Geneva, Nov. 24, 2006 — In advance of Monday’s renewed session of the UN Human Rights Council, UN Watch today released a report card that warned of a downward spiraling of the body formed only six months ago. The Geneva-based monitoring organization also issued recommendations for concerted action by democracies to stop the council’s regression.
UN Watch appealed to UN Secretary-General Kofi Annan to urgently intervene by taking a more vocal role to ensure council action against ethnic killings in places like Darfur and Iraq, as well as for victims of political and religious repression in China, Cuba and Zimbabwe, and in another 20 countries having the worst human rights abuses.
The UN Watch report card assessed the council’s recent performance in detail and gave the following grades:
- Ending politicization and selectivity: FAIL
- Addressing gross human rights violations: FAIL
- Establishing effective mechanisms: NEEDS IMPROVEMENT
- Ensuring robust NGO participation: SATISFACTORY
- Creating a new culture of dialogue and cooperation: POOR
- Championing the UN Charter’s democratic values: POOR
According to UN Watch executive director Hillel Neuer, despite high expectations following the reform adopted in March, “the new council has replaced the former commission, but remains a place where the foxes are asked to guard the chickens.” Neuer said the 47-nation body “has failed to take any action on genocide in Darfur, mass killings of Shiites and Sunni in Iraq, or repression in Belarus, China, Zimbabwe, or to scrutinize any other of the serial abusers that require immediate attention.” Instead, said Neuer, contrary to the repeated appeals of Secretary-General Annan for objectivity and universality, “the Council has devoted 100% of its censure powers to one-sided condemnations of Israel, in four country-specific resolutions and three special sessions.” It has yet to pass a resolution or convene a special session against any other state. “Victims of human rights violations around the world were promised change and they deserve it.”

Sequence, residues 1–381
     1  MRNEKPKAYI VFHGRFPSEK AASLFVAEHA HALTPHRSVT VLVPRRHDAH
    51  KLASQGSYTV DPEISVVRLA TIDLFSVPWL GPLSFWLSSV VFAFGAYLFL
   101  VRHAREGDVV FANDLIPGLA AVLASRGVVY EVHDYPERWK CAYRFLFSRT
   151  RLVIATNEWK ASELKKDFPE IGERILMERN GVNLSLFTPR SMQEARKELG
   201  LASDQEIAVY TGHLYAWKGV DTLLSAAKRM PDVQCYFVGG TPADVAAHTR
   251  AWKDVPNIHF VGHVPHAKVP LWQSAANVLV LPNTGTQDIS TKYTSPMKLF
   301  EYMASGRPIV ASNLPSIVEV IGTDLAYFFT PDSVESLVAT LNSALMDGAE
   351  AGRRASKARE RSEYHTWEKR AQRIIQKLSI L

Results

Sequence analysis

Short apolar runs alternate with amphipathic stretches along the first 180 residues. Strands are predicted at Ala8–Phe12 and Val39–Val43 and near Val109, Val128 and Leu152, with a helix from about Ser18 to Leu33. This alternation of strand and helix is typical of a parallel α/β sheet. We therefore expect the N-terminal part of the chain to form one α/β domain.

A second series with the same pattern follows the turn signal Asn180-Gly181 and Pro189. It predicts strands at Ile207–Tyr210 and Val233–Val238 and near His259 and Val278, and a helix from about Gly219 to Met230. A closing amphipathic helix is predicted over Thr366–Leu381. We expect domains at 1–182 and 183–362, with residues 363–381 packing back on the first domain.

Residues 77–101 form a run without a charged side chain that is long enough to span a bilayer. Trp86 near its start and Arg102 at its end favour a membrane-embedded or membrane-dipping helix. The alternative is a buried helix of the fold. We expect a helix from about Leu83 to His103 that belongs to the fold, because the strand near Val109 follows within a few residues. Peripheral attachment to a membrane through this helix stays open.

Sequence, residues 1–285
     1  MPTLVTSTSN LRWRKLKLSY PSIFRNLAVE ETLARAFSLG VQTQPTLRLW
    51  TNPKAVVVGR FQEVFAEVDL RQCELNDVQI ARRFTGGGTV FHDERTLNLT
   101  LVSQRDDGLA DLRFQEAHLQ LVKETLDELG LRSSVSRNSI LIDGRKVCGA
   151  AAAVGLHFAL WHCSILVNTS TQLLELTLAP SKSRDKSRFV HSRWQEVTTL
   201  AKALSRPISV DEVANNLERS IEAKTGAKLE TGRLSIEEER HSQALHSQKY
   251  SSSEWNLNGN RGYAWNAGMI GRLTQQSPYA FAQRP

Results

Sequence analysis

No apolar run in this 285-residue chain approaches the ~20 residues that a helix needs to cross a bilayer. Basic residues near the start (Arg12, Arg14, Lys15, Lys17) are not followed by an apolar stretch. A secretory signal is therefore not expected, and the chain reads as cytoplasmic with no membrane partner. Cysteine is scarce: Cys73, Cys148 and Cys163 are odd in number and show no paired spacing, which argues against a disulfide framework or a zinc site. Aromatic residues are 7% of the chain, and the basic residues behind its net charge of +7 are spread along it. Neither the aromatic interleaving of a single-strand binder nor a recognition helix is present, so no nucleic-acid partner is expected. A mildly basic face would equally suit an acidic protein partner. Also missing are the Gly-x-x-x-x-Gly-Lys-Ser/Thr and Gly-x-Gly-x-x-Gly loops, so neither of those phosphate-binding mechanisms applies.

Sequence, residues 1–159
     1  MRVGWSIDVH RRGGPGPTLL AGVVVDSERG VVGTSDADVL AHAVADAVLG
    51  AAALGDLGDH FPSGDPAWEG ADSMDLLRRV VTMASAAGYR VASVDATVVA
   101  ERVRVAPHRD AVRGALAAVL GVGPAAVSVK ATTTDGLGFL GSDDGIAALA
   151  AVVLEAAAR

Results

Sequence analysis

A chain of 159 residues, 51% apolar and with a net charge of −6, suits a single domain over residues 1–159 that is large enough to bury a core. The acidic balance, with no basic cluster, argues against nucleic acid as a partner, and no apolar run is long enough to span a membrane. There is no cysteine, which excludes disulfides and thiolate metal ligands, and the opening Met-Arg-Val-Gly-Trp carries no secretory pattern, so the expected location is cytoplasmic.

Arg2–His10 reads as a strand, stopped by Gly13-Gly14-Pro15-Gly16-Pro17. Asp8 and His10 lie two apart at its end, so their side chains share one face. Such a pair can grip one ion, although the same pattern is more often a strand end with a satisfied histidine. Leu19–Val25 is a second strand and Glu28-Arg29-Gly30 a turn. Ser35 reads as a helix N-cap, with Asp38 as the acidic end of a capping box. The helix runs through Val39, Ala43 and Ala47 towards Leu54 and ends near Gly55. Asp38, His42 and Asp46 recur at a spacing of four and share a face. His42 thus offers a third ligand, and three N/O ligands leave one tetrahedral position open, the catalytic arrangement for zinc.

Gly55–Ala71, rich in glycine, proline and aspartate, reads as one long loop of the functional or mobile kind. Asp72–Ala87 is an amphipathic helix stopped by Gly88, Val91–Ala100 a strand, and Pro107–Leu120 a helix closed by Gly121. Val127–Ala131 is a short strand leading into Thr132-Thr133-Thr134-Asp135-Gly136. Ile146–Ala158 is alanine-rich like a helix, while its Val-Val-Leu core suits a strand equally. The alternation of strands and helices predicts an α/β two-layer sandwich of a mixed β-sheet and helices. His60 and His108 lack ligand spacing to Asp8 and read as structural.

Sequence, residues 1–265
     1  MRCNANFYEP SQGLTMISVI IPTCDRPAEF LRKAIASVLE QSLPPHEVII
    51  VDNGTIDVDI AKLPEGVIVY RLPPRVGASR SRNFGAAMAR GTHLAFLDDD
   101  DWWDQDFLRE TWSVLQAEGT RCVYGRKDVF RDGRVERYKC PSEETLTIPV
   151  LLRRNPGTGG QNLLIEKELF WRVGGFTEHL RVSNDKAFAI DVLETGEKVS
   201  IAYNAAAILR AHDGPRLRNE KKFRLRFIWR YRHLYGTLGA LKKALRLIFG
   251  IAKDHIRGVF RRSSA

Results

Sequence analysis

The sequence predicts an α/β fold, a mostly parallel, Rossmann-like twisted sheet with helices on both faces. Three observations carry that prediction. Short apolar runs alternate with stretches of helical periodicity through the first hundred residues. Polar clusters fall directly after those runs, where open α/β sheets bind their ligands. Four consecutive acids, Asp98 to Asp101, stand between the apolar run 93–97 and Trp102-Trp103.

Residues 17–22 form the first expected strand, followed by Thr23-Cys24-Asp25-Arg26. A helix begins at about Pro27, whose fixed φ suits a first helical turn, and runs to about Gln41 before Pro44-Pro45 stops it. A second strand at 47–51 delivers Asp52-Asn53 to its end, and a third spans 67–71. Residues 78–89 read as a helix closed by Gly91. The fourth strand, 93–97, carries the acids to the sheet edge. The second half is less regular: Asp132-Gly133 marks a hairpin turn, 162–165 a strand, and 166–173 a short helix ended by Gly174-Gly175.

Neuer said that “abuser states have been more proactive, better organized, and more cohesive than the liberal democracies and as a result have consistently dominated the debate. The Council’s human rights supporting states must immediately redouble their energy and start working together to retake the Council, before it is too late.”